Now that you are all set-up with a business page, you want to keep updating it regularly. You should look to add a new post to your page at least once a month depending on your type of business. If you're a small business I'd also recommend posting no more than 2 posts a week. If you flood customers with posts they may unfollow you as a consequence.

You can also set up autoresponders for Facebook chat, you can turn Facebook chat on or off for your business. You can also list products, services, prices, opening times and more. You can also turn on or off reviews for your business. Play and experiment with your Facebook page and spend some time building it up. A well flushed out and popular business page can add great value to a business.

You've got an awesome website sat ready to go, but nobody is visiting yet! Email campaigns are a great way to connect to your customers and direct them to your website. Building an email campaign is free and relatively simple with these quick and easy steps.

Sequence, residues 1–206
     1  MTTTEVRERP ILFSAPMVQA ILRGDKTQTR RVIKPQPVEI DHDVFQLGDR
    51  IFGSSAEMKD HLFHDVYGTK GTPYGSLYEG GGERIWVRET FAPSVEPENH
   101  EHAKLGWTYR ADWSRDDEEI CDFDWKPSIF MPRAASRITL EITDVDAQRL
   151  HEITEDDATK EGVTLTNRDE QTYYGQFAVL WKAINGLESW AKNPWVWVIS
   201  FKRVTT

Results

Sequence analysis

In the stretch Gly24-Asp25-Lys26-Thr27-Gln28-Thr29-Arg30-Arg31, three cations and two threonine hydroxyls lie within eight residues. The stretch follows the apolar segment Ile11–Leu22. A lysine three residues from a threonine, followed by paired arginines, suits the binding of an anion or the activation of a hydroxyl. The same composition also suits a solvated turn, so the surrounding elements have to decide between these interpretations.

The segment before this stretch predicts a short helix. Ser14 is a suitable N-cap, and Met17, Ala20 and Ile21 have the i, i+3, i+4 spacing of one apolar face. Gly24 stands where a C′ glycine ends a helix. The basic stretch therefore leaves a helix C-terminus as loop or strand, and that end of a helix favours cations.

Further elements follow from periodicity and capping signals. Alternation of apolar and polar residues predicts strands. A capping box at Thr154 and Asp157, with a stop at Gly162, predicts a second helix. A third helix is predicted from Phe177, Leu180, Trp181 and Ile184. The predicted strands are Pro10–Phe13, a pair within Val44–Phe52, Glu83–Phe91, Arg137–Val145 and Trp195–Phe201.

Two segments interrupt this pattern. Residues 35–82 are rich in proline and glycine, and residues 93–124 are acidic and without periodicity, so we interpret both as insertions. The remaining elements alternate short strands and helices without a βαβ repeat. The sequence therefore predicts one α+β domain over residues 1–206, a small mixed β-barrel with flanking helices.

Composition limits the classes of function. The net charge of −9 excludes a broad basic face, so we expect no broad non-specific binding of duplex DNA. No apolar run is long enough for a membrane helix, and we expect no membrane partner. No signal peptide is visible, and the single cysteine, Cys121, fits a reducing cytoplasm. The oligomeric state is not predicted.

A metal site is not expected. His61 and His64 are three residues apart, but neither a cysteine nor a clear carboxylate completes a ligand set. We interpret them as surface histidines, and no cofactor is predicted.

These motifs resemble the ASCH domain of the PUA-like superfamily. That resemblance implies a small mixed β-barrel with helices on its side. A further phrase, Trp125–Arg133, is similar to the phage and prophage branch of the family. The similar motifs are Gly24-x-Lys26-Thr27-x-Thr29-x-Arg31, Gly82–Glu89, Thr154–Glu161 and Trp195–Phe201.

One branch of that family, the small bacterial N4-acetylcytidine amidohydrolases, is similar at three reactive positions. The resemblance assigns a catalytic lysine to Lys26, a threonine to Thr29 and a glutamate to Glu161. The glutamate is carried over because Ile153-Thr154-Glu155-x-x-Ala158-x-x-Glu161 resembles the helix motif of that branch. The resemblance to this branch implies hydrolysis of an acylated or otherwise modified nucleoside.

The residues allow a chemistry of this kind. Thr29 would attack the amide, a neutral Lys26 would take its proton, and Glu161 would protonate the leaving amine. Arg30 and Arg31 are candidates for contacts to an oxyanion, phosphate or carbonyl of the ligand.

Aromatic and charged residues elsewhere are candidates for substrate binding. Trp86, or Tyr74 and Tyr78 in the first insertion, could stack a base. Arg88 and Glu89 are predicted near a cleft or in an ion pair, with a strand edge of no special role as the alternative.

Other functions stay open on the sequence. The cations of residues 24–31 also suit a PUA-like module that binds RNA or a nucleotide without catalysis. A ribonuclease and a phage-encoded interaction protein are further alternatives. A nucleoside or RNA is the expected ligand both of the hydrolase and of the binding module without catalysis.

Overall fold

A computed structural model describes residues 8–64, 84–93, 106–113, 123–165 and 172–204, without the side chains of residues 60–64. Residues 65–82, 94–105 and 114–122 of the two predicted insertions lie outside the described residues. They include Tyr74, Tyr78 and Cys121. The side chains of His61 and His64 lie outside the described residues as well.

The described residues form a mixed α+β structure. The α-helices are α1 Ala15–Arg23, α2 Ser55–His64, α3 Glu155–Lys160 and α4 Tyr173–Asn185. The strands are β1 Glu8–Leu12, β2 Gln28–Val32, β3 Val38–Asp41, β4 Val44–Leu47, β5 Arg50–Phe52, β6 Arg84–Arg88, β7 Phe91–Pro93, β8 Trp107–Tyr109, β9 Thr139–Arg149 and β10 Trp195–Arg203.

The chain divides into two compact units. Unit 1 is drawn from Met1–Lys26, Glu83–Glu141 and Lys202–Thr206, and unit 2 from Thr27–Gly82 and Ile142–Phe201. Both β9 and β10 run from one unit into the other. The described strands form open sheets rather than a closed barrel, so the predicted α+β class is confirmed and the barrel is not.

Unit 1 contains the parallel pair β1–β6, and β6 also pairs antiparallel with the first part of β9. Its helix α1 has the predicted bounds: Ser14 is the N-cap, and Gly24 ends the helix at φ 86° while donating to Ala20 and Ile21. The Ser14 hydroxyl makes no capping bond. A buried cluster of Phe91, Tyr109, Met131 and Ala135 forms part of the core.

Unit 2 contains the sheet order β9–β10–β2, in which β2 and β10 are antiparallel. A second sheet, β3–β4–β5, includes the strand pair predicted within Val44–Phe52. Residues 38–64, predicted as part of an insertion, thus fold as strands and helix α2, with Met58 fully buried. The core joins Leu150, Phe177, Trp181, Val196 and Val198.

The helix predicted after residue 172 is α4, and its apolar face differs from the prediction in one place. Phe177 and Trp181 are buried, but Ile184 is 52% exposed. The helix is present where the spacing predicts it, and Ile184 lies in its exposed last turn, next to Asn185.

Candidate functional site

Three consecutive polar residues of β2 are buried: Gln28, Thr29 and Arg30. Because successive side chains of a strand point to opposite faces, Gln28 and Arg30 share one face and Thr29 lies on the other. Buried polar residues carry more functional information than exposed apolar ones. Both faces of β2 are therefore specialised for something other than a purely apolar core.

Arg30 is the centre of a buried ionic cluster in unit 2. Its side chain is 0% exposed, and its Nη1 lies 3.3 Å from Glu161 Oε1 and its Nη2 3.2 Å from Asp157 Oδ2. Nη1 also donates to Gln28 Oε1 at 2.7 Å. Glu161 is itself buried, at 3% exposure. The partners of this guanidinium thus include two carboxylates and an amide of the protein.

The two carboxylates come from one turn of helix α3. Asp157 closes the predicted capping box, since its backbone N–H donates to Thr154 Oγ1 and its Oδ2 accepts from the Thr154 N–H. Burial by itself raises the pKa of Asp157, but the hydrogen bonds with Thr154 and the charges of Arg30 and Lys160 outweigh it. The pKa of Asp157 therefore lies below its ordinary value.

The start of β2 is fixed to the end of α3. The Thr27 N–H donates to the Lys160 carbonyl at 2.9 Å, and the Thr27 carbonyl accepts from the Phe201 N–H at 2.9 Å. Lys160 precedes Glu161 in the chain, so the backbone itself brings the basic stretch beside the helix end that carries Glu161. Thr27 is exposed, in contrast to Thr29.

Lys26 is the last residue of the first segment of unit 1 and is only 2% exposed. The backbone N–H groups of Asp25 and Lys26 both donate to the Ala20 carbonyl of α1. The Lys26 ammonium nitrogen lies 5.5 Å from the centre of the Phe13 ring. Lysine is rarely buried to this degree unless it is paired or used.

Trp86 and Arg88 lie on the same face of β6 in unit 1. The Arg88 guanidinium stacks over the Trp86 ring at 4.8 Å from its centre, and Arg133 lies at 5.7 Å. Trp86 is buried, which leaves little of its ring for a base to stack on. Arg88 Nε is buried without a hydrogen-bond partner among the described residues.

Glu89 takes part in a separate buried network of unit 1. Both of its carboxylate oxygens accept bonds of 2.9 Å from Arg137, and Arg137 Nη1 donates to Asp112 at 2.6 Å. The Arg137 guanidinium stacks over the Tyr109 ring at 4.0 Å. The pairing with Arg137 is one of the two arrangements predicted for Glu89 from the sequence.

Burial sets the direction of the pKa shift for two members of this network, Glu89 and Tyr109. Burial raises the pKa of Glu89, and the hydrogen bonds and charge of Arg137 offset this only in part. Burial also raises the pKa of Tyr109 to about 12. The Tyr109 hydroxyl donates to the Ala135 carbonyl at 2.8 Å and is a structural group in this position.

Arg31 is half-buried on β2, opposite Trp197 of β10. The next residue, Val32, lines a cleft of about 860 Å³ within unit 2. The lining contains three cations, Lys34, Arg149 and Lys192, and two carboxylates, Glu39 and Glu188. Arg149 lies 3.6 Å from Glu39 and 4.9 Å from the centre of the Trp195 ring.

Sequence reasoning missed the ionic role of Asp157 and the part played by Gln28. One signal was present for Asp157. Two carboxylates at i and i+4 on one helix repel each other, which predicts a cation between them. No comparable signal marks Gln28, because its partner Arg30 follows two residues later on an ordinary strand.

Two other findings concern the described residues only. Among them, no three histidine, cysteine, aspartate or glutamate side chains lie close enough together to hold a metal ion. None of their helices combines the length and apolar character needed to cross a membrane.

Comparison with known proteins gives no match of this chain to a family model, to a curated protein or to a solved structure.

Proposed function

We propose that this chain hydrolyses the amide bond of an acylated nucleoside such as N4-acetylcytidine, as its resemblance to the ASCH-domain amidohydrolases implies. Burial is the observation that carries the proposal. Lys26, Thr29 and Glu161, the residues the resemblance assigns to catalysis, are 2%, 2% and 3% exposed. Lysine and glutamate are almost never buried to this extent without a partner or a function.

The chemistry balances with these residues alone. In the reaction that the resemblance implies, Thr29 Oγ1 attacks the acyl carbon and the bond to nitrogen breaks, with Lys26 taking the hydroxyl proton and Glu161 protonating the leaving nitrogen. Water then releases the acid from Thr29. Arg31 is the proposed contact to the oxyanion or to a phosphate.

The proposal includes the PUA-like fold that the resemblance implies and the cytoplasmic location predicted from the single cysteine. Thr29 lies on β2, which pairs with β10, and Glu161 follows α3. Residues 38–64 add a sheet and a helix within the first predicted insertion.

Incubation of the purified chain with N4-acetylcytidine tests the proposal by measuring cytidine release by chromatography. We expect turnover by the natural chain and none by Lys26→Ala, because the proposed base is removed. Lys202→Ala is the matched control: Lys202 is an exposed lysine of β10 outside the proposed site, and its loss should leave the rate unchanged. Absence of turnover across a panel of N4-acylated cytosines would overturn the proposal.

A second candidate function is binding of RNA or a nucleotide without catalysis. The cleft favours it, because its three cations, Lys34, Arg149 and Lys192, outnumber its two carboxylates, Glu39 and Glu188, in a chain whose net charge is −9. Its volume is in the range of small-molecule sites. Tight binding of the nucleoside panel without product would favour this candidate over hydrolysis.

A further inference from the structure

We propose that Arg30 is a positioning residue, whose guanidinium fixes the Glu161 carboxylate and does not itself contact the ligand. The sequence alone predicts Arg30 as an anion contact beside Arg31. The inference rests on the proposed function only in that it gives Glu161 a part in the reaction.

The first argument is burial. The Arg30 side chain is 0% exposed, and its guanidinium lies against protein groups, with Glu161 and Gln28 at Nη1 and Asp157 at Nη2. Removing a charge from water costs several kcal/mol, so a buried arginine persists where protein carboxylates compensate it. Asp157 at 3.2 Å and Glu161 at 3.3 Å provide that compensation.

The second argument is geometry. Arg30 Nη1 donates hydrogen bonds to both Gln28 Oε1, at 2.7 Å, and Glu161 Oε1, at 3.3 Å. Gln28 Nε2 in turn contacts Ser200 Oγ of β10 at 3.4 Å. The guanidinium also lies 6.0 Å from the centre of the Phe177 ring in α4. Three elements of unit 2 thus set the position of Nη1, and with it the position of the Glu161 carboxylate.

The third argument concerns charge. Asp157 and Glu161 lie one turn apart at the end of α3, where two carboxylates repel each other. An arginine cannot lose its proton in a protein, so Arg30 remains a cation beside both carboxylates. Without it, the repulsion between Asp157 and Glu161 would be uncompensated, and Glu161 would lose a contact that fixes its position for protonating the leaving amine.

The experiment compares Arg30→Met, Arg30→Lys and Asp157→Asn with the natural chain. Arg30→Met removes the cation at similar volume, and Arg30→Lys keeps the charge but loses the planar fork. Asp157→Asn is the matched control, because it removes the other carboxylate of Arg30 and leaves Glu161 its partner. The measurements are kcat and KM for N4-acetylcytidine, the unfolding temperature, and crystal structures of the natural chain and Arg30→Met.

Step 1 - Create a free MailChimp account

Visit MailChimp.com and sign-up for a free account. MailChimp is one of the most popular email campaign providers and has a great set of really powerful, user-friendly tools to build gorgeous email newsletters.

A MailChimp free account provides the ability to manage, send and create email campaigns for up to 2000 email addresses for FREE.

If you pass 2000 subscribers you're doing great and you can pay to upgrade your account, or you can talk to us at Pixertise about alternative solutions, such as sending email campaigns directly from your WordPress website.

Step 2 - Build your List

Now you have an account, you now need a list of subscribers/email addresses of the contacts you would like to send your emails to.